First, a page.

Party (AIP, 1963) – Director: William Asher.
Writer: Lou Rusoff (s/p and story). Stars: Robert Cummnigs, Dorothy
Malone, Frankie Avalon, Annette Funicello, Morey Amsterdam, Harvey
Lembeck, Eva Six, John Ashley, Jody McCrea, Dick Dale, Andy Romano,
Jerry Brutsche, Bob Harvey, John Macchia, Alberta Nelson, Valora
Noland & Candy Johnson. Color, 101 minutes.
revolution has arrived. Accompanied by the sound of Dick Dale on the
bongos, we are given an overhead view of Malibu Beach while the
opening titles flash before us in vibrant color. Cut to a Piper Cub
making its way to a landing on the beach. Being as this is American
International, any view from a plane must be accompanied by the sight
of the actual plane itself. As we shall soon learn, the plane is an
important plot point.
quick cut and we see a bright yellow Ford Model A tooling down the
highway. In the front seat are Frankie and Annette, who break into
the title song:
got a early start,
gonna have a ball,
gonna ride the surf,
that ain’t all.
is greater than the sand, surf, and the salt air,
our boards just as soon as we get there,
‘em in the sand while they’re breakin’ just right,
we’re surfing all day and we’re swinging all night,
is here, beach party tonight!
if we were expecting anything else.
scored and performed, the piece, while not rock n’ roll, is upbeat
and bouncy enough to let us know this is a different sort of
the car pulls into the beach at Paradise Cove and parks in front of a
nice-looking beach house, we learn that Frankie and his girlfriend
Dolores (Funicello) have rented this bungalow for a surfing vacation.
Just the two of them, alone. Dolores remarks that it will be just
like being married. Frankie nods, for there’s one thing on his
mind. But when he carries her over the threshold, he discovers that
they’re not alone. Far from it. Dolores has invited the whole gang
to stay. Frankie is taken back, horrified by Dolores’ deceit.
Dolores tells Frankie she invited the whole gang of friends because
she “doesn’t trust herself” to be alone with him. A rift forms
and it brings into play a theme repeated in all the sequels: Frankie
and Annette quarrel over something or other, try to make each other
jealous, and end up happily reconciling.
the gang hits the beach we see they’re being watched by a pair of
eyes looking through a telescope and using a listening device. The
eyes belong to R.O. (Robert Orwell) Sutwell (Cummings, complete with
bushy beard), an anthropology professor who has rented an adjoining
beach house and is observing the language and mating habits of the
beach-going teenagers for an upcoming book. He is soon joined by his
assistant, Marianne (Malone), who before she ascends the stairs to
his home, makes sure to kick the tires of his plane and allow us to
make the connection.
Marianne looks over Sutwell’s impressive display of early ‘60s
spying equipment, she makes some remarks about the depth of his
interest in the teens’ sex lives. Sutwell doesn’t realize she’s
joking and explains that his book, which he plans on calling The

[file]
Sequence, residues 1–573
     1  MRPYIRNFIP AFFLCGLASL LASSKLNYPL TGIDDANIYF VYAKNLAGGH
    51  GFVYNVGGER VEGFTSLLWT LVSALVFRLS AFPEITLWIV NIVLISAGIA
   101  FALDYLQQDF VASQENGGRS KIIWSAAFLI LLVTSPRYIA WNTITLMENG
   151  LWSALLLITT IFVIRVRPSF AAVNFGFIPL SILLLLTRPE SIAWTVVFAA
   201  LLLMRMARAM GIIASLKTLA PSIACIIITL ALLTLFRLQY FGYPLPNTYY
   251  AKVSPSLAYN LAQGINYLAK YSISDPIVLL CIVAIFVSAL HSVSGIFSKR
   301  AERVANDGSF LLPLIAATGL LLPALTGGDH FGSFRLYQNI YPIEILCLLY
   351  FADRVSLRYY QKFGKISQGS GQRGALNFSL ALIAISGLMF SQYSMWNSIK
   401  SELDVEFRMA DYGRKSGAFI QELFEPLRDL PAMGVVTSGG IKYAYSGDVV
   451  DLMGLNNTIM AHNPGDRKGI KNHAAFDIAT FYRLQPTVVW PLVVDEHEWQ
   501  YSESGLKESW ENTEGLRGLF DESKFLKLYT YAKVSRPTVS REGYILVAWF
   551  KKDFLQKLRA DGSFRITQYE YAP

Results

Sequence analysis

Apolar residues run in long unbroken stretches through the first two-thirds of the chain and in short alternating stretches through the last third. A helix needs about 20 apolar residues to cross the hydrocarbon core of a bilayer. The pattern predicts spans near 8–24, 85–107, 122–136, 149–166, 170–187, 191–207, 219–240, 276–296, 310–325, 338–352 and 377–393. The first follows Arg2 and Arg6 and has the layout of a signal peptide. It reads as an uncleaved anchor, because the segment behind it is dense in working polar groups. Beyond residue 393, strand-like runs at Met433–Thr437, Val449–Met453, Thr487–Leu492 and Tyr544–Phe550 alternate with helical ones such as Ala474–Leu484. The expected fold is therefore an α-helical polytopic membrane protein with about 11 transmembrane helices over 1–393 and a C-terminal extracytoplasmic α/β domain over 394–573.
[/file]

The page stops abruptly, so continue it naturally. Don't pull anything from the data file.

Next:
Behavior Pattern of the Young Adult and Its Relation to Primitive
Tribes, could be his best to date. Marianne suggests an
alternative title, “Teenage Sex,” which horrifies Robert, lest
she get the wrong idea. He’s serious: “They’re a true
subculture. They live in a society as primitive as the aborigines of
he’s traveled the world and knows about many things, what Sutwell
doesn’t understand is love. He is naive to the point of being
painfully square. Marianne, though romantically starved (she’s
obviously in love with Robert), agrees to help him with his book, but
also gives him a piece of advice: “After you write this book on sex
... read it.”
at the beach, Dolores’ friend, Rhonda (Noland), shows her how easy
it is to knock the boys off their surfboards by just wiggling and
jiggling. Dolores isn’t impressed, telling Rhonda that Frankie has
her in the deep freeze. Rhoda tells her it’s because she turned a
weekend alone into “a teenage flophouse.” Dolores admits to
getting cold feet, but tells Rhonda there’s more than just sex,
such as love and marriage, and that’s what she’s holding out for
the initial beach scenes (composed of some great stock surfing
footage), Dick Dale appears in the sand with his Stratocaster,
and jumps into “Secret Surfin’ Spot,” a surf
lingo-filled uptempo dance piece. The song is vintage Dale, and
the kids jump up to start dancing as Sutwell observes, comparing the
dancing to “the Haitian Voodoo ceremony, the Samoan puberty dance,
and the mating dance of the whooping crane.”
still seething over the trick Dolores played on him, discusses it
with the guys. Frankie hits on the idea of paying her back by
flirting with sexy waitress Ava (Six) at Big Daddy’s, the local
beer and music hangout. Deadhead (McCrea) says that Ava has
everything, to which Frankie replies, “Well, I’ll tell ya, if she
doesn’t it’s only because she hasn’t got room for it.”
owner/host at Big Daddy’s is Cappy Caplan (Amsterdam), a beatnik
type who recites lousy poetry, accompanied by Dick Dale and the
Deltones, who function as sort of a house band in the film. In the
corner is a man fast asleep in a chair. He will remain like that
until the end of the movie. That's the man the club is named for –